Friday, April 1, 2016

Do cows bluff charge?

Roadwalking the Continental Divide Trail (CDT) up Bonita-Zuni Canyon, north of El Malpais National Monument, NM. The pounding makes me feet ache, and I can’t hike fast enough to get my heart rate up.  There are other trails around with fewer cowpies, rifle shells and beer bottles.  But like a bad crush, I can’t get the CDT out of my mind, and this is the next section north of where I’ve left off.
So here I am, on a dusty road.  A raven is dancing above a cow carcus.  Maybe it will get more scenic further on?
Be glad I'm sparing you the photo of the dead cow.
Nope.  Instead, there are cows.  Live cows.  At first, it’s just two.  They stand up and stare.  No, three— the baby wobbles to her feet.  All small mammal cute and fuzzy.  At least I try to pretend it’s cute.  But really I wish they would go away.  Which they do, running off, then turning to stare again. 
Lurking in the trees.
Round the bend, a swarm of cows spread across the valley.  They stand up, and walk parallel to me.  Then one runs towards me.  What if it keeps coming?  Do cows bluff charge?
She ends up veering off at the last minute.  But still stares at me.
I get mad that they make me so nervous with their running at me.  No one is scared of cows.  Cows don’t hurt people.  Its ok to be scared of grizzlies but not cows.  That’s just ridiculous.  I have thousands of miles under my belt, and I’ve faced all sorts of wild creatures of the night.  I keep hiking and pretend I will ignore the cows.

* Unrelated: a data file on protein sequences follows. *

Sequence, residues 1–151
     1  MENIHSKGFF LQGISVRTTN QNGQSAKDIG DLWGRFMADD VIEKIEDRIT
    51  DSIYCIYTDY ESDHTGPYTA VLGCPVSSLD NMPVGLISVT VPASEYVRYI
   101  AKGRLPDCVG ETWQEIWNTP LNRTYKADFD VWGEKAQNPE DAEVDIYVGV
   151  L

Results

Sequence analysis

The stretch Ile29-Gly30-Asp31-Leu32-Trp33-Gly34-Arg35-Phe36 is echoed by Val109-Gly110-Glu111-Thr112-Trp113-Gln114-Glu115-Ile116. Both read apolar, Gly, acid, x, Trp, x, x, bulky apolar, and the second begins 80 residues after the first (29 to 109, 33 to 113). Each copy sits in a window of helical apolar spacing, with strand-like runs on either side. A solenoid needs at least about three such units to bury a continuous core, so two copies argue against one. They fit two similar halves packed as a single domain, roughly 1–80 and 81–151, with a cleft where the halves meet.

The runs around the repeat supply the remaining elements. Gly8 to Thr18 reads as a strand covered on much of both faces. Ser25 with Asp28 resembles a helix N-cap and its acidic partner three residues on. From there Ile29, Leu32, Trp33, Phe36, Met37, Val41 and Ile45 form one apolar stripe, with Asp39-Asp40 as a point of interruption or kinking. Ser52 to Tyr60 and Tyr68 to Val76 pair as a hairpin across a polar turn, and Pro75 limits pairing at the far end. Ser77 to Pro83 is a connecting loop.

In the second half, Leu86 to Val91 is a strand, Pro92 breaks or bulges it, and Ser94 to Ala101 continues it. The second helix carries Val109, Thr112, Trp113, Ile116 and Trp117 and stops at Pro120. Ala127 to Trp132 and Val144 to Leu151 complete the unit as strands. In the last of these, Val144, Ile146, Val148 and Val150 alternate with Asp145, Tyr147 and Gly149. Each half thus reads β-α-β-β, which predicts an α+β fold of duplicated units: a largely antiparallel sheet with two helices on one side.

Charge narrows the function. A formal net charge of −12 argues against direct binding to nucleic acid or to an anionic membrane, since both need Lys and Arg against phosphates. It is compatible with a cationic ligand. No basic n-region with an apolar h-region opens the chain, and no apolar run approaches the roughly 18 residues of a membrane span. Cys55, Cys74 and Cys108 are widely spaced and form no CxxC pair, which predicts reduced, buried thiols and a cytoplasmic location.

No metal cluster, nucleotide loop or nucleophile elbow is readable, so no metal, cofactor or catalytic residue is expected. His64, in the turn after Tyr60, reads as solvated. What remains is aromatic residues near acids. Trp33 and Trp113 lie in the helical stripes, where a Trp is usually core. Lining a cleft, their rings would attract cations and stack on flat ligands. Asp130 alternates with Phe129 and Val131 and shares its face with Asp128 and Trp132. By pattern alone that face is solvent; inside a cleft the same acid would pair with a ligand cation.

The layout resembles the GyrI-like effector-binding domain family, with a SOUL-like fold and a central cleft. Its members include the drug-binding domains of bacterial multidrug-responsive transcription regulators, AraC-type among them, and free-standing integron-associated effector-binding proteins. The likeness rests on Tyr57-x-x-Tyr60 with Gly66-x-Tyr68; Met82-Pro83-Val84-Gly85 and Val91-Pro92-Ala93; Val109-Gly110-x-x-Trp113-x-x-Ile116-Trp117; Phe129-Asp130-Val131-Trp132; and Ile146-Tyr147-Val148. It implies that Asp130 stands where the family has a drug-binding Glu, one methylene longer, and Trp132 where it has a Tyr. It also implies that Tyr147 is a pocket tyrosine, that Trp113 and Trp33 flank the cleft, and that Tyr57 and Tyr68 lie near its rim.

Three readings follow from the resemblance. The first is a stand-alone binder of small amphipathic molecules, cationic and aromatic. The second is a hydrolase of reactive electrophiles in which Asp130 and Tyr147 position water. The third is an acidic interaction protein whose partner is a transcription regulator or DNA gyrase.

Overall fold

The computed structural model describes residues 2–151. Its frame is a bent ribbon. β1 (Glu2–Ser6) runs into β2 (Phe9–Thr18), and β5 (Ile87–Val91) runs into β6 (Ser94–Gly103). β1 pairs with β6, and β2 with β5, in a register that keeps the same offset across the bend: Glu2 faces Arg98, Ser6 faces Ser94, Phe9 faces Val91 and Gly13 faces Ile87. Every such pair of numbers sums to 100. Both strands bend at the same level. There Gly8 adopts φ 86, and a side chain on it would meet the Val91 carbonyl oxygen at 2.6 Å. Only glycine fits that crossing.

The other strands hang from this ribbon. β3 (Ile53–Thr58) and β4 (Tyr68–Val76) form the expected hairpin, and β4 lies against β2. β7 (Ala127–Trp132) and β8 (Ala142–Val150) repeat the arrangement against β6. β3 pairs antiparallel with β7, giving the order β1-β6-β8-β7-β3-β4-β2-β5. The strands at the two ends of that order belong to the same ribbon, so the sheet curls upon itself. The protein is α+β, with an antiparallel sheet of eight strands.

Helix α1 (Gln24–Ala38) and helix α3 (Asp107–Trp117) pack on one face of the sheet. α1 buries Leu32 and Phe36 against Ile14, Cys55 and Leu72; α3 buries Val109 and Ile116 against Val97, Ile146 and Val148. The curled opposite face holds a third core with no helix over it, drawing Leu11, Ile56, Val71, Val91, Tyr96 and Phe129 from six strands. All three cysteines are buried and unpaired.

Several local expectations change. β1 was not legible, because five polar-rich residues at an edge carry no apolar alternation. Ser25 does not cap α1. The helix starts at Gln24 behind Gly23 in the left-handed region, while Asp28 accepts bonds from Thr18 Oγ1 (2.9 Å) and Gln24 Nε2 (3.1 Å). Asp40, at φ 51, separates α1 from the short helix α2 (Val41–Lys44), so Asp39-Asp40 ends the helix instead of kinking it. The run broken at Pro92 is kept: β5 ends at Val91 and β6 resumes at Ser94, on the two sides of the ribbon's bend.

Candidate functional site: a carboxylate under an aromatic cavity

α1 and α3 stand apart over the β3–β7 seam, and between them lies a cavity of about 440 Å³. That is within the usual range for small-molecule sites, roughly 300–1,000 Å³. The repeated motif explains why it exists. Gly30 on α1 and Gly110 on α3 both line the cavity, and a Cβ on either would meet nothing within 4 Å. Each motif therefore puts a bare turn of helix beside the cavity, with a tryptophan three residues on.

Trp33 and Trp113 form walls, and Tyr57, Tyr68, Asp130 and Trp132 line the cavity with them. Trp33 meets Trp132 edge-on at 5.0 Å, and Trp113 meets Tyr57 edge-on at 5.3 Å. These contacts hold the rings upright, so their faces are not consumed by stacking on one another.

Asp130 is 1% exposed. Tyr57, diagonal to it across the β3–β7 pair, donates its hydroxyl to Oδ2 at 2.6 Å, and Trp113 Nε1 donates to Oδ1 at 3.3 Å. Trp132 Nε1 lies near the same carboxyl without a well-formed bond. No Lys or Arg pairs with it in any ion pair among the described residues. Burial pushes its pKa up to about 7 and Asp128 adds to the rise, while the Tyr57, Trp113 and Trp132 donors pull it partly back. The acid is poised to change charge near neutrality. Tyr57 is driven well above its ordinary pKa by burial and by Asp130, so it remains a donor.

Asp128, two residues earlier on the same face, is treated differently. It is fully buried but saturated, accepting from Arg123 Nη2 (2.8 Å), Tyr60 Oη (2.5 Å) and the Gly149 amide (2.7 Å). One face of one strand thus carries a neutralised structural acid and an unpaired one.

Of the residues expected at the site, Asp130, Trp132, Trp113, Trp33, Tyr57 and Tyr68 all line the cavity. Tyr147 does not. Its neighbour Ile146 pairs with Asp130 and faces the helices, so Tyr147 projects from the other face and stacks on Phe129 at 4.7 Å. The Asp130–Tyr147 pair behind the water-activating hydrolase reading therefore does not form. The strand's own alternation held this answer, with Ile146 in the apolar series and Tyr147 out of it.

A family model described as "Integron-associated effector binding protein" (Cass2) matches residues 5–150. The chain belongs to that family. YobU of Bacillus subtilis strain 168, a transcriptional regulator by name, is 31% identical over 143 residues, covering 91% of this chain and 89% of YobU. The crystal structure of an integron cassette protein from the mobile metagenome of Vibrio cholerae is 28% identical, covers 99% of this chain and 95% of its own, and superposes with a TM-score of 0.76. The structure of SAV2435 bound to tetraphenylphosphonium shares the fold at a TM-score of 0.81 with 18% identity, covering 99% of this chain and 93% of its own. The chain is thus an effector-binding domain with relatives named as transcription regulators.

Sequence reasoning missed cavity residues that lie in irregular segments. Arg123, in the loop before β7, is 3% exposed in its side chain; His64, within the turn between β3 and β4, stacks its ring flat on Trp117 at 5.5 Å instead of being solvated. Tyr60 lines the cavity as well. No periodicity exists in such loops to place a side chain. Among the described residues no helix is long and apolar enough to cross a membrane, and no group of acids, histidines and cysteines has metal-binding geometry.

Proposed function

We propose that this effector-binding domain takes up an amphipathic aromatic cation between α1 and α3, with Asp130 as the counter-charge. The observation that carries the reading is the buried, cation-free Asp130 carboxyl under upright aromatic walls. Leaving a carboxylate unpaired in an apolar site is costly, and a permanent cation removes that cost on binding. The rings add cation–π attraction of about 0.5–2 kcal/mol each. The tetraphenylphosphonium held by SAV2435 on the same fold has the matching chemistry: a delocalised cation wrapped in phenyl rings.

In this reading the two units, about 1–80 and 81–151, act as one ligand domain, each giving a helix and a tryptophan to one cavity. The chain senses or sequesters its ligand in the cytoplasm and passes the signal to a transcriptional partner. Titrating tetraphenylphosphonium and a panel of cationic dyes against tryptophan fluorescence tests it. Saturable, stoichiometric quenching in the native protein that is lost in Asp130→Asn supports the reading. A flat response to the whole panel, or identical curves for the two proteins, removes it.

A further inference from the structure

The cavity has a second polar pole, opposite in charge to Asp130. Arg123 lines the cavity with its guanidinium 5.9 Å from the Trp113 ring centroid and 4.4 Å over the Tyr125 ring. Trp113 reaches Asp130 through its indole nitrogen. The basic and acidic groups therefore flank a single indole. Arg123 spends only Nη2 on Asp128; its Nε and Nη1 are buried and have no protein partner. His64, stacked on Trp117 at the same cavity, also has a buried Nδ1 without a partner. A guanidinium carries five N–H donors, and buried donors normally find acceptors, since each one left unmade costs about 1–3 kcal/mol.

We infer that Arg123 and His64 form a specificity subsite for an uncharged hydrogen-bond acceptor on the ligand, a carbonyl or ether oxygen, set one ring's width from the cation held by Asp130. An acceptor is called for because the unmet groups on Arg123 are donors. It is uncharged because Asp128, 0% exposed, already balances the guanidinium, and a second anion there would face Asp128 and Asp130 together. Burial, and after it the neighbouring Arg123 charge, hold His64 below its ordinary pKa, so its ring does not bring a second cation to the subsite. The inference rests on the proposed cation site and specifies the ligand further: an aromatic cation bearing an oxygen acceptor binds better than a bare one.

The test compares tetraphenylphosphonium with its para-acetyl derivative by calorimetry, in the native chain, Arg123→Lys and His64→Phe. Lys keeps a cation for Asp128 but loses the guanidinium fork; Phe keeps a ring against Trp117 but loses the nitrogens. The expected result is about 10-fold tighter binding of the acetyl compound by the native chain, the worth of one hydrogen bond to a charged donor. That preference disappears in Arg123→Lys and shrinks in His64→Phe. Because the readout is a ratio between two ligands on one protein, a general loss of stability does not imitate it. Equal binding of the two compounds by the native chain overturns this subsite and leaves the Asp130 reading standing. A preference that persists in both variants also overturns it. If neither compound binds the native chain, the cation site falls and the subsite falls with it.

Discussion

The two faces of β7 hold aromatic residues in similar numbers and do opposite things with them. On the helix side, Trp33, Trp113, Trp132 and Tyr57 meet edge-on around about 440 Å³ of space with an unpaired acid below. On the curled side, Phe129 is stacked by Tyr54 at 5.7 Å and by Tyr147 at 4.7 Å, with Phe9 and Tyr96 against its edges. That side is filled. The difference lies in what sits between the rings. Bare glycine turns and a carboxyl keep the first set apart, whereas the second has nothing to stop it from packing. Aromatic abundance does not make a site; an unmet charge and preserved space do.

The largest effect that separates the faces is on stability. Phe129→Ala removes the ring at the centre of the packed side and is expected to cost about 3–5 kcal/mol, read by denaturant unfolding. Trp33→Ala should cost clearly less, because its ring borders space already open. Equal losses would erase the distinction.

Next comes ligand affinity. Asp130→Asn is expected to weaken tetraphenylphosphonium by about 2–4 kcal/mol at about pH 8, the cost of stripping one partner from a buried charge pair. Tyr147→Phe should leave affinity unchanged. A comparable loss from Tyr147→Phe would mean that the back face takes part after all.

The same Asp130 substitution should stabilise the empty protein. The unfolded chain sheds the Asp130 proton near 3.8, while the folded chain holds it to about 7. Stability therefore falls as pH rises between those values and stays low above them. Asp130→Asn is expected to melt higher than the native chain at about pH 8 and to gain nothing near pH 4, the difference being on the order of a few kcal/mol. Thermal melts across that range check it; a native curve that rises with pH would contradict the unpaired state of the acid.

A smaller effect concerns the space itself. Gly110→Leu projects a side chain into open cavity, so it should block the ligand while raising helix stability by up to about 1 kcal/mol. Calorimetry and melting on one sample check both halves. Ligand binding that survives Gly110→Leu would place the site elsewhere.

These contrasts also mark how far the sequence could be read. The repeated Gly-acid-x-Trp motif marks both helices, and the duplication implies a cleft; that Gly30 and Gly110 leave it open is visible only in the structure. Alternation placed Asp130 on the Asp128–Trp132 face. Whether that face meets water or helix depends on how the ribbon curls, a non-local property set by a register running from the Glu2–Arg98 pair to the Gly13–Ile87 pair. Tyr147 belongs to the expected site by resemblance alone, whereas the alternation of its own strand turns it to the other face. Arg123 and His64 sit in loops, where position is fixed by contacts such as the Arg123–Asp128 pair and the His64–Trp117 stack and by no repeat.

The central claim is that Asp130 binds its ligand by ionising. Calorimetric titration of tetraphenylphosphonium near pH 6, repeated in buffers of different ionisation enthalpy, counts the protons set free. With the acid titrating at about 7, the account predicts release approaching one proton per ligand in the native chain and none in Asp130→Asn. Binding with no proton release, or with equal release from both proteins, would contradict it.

Around another corner, three cows are running towards me.  Or really not towards me because I don’t even think they see me, but they are stampeding in my direction.  How can something so large move so fast?  This is not fun anymore. 

I’ve had enough. So what if I only hiked three new CDT miles today?  As much as I try to be logical, having large animals running at me has activated my sympathetic nervous system, and I can feel the norepinephrine mustering the troops and getting my body ready to RUN AWAY.

Which I do.  A fast walk for the three miles back to the parking area.  As I retreat, a term Jan uses comes to mind: cherry picking.  It means picking only the sections of trail that you want do to- for scenic reasons, or whatever.  I’m going to be a proud cherry picker today because it means no more horrible roadwalking among cows.  And no more beer cans!
Ugh!  I want a path lined with flowers, not trash.
Why am I telling you this?  I think it’s important to say: IT IS OK TO TURN AROUND.  Why not go find joy instead?  Walking through fields of cows is not my idea of a joyful experience.

The CDT continues across to the Zuni-Acoma Trail, so I head down that trail.  This is a sweet cherry of a trail for sure!

I spend a few hours flying across the lava. The lava is rough and sharp and it hurts and wares me out.  But also: I see flowers and my feet meet the lava with confidence and I feel agile and strong. 
Beautiful lava along the Zuni-Acoma Trail.
 This is joyful hiking.  Not because it’s easier (it’s actually much harder hiking that makes all the muscles in my legs hurt) but because it is that special thing that makes me feel free.  It is challenging in a way I believe is worthwhile (unlike walking down cow-filled roads, which is the opposite of worthwhile).  Most importantly, this hike that I choose is joyful.
Sunny yellow corydalis- this is why I love to hike.


  1. Scared of cows over here! And this is why I may never finish the PCT in its entirety. Acqueduct....hmm.

    1. Darn cows-- had another fun cow adventure today too-- sheesh they are everywhere.

  2. Proud to be a cherry picker! Joyous Joan, YES!!!

    1. This term makes me so happy-- cherry picker-- yes indeed!

  3. Here's my new quote "Flipper, Picker, Cherry Picker"

    and "when the . . . . sucks, Cherry Pickers . . . ."

    and my new tag #AnotherCherryPickersDelight

    1. LOL! This is priceless! What a nice ring it has to it!